The problem was, as Smith buzzed his way through the categories, Wanda couldn’t watch at home: the local “Jeopardy!” affiliate was blacked out on her television provider. She received a play-by-play over the phone for the first couple of appearances before going to a friend’s house to watch Smith add a third day to his winning streak despite missing the final clue, which stumped the rest of the contestants.

“I don’t know why he wagered anything because he wouldn’t have to,” Wanda said.

Scott Smith said Trebek called his son “Billy Buzzsaw” because of his knack for the game.

“Just playing the game is so much fun,” Brayden Smith said in a “Clue Crew” segment. “You know, if I lost the first game... I still would have loved it.”

Smith returns to defend his championship Jan. 4.

“Jeopardy!” airs weeknights on WTHR (Channel 13), WLFI (Channel 18) and WTWO (Channel 2).


East side Kroger, Save A Lot closes

Two local grocery stores, the east side Kroger and Save A Lot closed this year.

The announcement of Kroger’s closure in January resulted in a passionate response within the community. Mayor Todd Barton issued a statement at the time saying that he attempted to speak with representatives from the Darlington Avenue store several months earlier when the city became concerned that Kroger Corp. would close the store. The store later told Barton that a decision had already been made at the corporate level.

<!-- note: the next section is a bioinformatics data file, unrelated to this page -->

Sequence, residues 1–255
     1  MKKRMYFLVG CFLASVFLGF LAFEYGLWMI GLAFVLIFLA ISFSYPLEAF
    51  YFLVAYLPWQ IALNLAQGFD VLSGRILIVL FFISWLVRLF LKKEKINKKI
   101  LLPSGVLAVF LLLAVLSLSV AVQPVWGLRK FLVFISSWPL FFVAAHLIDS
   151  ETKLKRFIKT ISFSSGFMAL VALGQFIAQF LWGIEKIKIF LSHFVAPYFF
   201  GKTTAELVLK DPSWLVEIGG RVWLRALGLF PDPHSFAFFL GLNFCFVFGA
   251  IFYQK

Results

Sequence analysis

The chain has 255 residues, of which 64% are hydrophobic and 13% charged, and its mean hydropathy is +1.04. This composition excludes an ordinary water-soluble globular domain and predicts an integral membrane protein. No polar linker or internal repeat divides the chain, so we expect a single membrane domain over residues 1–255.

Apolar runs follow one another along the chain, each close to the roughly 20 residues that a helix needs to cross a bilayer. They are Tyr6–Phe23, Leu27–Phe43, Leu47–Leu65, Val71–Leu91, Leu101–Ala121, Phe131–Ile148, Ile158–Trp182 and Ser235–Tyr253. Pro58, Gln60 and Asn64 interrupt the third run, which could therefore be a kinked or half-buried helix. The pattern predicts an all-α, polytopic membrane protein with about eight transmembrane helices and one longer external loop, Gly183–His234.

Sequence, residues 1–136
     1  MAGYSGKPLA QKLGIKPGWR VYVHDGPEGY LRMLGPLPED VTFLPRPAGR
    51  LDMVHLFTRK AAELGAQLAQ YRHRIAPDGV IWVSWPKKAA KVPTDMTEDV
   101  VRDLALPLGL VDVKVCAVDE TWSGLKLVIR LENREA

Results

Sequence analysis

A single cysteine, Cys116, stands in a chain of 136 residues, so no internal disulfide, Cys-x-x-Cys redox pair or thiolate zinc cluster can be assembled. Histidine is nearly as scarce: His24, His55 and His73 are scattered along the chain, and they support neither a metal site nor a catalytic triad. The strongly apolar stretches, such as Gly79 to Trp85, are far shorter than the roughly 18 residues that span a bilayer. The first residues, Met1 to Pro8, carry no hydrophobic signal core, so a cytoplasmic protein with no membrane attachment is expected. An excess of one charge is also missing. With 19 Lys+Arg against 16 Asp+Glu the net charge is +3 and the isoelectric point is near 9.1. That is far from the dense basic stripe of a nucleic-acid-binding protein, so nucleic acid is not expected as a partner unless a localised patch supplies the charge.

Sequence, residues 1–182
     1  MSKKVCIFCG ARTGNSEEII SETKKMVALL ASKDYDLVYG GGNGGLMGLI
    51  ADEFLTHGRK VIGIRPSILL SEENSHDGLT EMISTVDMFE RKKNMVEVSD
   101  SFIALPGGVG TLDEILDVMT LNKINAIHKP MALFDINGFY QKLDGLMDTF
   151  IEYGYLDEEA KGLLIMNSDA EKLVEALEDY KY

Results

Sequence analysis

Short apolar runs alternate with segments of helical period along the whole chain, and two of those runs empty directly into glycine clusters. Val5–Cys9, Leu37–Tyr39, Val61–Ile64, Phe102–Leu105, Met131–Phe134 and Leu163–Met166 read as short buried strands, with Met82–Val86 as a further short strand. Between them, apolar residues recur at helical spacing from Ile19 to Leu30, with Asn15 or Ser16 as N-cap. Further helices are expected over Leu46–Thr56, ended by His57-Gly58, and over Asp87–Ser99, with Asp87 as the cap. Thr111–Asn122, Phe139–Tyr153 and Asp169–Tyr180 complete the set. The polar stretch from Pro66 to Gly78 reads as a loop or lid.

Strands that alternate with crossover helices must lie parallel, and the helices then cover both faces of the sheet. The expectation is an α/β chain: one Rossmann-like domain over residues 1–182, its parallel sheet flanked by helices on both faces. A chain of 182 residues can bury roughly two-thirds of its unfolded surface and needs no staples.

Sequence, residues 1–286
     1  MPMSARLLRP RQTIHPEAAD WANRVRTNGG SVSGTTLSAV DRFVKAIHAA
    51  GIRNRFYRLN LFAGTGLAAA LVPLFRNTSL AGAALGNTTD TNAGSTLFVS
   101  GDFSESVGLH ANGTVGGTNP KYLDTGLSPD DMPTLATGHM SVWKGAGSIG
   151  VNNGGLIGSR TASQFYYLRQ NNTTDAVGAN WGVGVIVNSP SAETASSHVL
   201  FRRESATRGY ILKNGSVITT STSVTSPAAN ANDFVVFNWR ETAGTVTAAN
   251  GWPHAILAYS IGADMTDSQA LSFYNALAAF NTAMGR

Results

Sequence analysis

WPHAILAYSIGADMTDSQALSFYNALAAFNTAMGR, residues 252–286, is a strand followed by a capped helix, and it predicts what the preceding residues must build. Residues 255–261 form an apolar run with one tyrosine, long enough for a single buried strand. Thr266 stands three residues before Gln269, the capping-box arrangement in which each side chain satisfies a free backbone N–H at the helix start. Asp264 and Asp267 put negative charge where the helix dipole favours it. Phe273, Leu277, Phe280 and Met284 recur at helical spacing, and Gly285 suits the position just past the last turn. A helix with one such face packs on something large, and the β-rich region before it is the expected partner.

Barton noted the company’s longtime local investment with Pace Dairy Foods and said the city was working aggressively to recruuit additional grocery and retail stores in the community.

“I understand the challenges a lack of options creates and I face the same frustrations as a consumer who shops in this community every day,” Barton said. “While local government can’t dictate where companies choose to do business we can attempt to create the type of environment that is enticing and reasonably assures them success. We strive to do that every day and will continue to do so, but ultimately, we must all, as consumers, make certain we support the types of businesses we want to have in our community if we wish for them to succeed.”

To date, the vacated store remains empty.

Save A Lot shut its doors on South Boulevard in July.

Speculation surrounding the rumored closure rose in the weeks before the store closed July 18.

Employees were informed July 6 that the store would close — 12 days before the closing date. They have also been instructed not to order any new products, and vendors have not been present for some time.

Neimann Foods, headquartered in Quincy, Illinois, purchased the Crawfordsville County Market in November 2015 from Covington Foods Inc. As part of that transaction, Neimann Foods also bought other County Market stores in Attica, Covington, Danville and Tilton, Illinois.

The company owns and operates more than 100 stores under familiar banners such as County Market, ACE Hardware and Pet Supplies Plus throughout the Midwest. Save A Lot moved into the Crawfordsville location in May 2019 before reconfiguring the interior for a fall opening.

Currently the store remains empty.